The Wrongful Conviction and Exoneration of William Lopez

In 1989, two men entered a crack house in Brighton Beach, Brooklyn, and killed drug dealer Elvirn Surria with a double-barreled shotgun. They left behind no murder weapon or forensic evidence.

William Lopez was convicted on the testimony of Daisy Flores and Janet Chapman. Flores, a crack house courier, said the shooter was a six foot, three inch “tall, dark, black man.” The very light skinned Mr. Lopez is more than half a foot shorter. In court, Flores could not identify him as the shooter even though Mr. Lopez was sitting but a few feet away from her at the defense table.

Chapman lived in the basement of the crack house. She had a $200-a-day habit and was on a drug binge when Surria was shot. She testified Mr. Lopez did it. Twenty-two years later, she admitted she “testified against him when I knew my every word was pure fabrication.” Why? Because “The district attorney told me never to tell anyone that we cut a deal about my testimony in exchange for my freedom.”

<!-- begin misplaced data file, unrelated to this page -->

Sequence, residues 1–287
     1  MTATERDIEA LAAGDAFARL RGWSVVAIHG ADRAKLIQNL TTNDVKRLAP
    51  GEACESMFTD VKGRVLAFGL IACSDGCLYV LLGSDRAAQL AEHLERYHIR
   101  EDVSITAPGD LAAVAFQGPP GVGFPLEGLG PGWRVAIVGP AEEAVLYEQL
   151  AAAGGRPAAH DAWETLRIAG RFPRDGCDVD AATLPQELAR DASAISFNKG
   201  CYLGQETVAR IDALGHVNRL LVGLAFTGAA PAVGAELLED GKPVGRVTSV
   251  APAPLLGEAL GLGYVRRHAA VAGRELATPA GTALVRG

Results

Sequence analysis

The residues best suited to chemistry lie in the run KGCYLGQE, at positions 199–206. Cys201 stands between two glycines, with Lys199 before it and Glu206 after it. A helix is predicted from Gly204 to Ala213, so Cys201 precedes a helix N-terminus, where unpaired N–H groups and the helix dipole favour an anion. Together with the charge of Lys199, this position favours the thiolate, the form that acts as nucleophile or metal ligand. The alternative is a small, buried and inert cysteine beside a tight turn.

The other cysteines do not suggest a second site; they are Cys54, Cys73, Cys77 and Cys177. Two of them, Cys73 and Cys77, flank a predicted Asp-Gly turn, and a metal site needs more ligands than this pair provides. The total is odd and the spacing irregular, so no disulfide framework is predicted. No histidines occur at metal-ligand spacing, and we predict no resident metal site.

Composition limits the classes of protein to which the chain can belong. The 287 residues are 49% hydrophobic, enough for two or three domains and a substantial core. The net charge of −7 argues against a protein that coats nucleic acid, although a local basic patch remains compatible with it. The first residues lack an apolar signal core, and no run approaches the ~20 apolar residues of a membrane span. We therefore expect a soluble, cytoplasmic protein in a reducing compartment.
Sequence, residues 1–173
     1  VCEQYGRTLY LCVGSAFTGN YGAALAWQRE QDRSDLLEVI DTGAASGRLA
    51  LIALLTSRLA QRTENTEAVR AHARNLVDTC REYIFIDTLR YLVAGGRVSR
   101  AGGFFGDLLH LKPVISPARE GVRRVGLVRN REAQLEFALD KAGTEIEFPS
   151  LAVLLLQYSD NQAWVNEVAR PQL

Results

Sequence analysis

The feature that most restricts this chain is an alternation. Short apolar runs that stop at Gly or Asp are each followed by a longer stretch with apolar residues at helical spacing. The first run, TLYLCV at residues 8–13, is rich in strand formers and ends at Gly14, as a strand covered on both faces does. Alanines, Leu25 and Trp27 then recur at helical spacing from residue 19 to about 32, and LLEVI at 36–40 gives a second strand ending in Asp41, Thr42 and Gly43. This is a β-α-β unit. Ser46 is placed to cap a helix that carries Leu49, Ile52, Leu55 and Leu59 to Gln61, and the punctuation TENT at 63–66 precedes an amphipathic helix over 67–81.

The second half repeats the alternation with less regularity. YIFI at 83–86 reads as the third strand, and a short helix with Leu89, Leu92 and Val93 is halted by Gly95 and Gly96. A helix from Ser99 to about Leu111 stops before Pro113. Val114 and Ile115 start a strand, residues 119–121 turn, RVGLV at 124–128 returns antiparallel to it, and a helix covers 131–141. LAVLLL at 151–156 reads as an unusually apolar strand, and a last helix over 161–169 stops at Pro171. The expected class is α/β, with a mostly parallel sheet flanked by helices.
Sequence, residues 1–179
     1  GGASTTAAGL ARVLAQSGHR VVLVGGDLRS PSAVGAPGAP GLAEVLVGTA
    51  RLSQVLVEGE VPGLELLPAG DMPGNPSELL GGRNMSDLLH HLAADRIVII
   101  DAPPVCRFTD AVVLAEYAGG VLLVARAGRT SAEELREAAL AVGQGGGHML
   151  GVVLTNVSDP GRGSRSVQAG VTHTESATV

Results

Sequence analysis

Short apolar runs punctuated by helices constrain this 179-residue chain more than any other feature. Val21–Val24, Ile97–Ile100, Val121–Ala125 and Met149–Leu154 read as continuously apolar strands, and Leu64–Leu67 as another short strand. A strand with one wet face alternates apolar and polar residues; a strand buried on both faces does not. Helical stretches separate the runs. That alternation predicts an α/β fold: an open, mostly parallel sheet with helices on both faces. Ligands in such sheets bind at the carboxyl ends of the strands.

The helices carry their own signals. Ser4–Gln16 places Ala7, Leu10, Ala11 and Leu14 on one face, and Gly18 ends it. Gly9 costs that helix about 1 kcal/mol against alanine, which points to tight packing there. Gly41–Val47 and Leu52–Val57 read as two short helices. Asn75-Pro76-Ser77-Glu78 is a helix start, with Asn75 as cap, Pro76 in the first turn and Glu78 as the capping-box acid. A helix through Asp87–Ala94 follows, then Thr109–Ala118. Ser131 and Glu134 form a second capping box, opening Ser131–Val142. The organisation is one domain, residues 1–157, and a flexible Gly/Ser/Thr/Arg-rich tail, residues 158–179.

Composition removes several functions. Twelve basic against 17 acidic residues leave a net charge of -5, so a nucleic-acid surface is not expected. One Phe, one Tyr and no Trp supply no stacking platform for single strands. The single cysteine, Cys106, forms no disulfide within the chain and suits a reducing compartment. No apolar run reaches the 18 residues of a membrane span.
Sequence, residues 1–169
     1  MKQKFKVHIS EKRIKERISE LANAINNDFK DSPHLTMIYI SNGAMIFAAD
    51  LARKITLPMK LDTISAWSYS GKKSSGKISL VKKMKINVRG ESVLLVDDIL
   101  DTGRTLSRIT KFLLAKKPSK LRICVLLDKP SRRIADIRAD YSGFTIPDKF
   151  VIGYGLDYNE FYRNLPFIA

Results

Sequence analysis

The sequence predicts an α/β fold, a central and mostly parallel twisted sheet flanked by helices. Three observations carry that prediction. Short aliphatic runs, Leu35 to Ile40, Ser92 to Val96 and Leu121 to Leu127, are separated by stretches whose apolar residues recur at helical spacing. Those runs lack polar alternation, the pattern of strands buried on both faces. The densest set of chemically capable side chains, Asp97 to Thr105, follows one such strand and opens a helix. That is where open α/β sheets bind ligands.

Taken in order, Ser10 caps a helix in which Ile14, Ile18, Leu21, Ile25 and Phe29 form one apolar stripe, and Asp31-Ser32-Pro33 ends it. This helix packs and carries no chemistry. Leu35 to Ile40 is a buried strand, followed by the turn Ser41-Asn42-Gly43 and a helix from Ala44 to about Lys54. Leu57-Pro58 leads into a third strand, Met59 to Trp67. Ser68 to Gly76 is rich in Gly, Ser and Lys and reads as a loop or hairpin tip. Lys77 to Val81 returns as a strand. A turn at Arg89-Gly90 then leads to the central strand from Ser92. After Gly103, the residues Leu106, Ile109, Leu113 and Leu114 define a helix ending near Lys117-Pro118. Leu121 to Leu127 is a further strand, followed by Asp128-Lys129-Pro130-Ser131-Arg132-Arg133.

The Foundation, working in collaboration with Lopez’s pre-existing legal team of Richard Levitt and Yvonne Shivers, provided some critical investigative resources, turning up some additional evidence of innocence, as well as having a hand in the securing of testimony from a witness who had been deported to the Dominican Republic. In response, federal district Judge Nicholas G. Garaufis set Mr. Lopez free in January of 2013. “The prosecution’s evidence was flimsy to begin with,” he wrote, “and has since been reduced to rubble by facts arising after trial.”

The Foundation provided Mr. Lopez with housing and counseling after his release. Less than two years after his release from prison, William died from a sudden asthma attack, only a few days before he was able to be compensated. Lopez's widow, Alice Lopez, eventually was able to settle William’s lawsuit in the Court of Claims for $4.2 million dollars, and in Federal court for $8.2 million.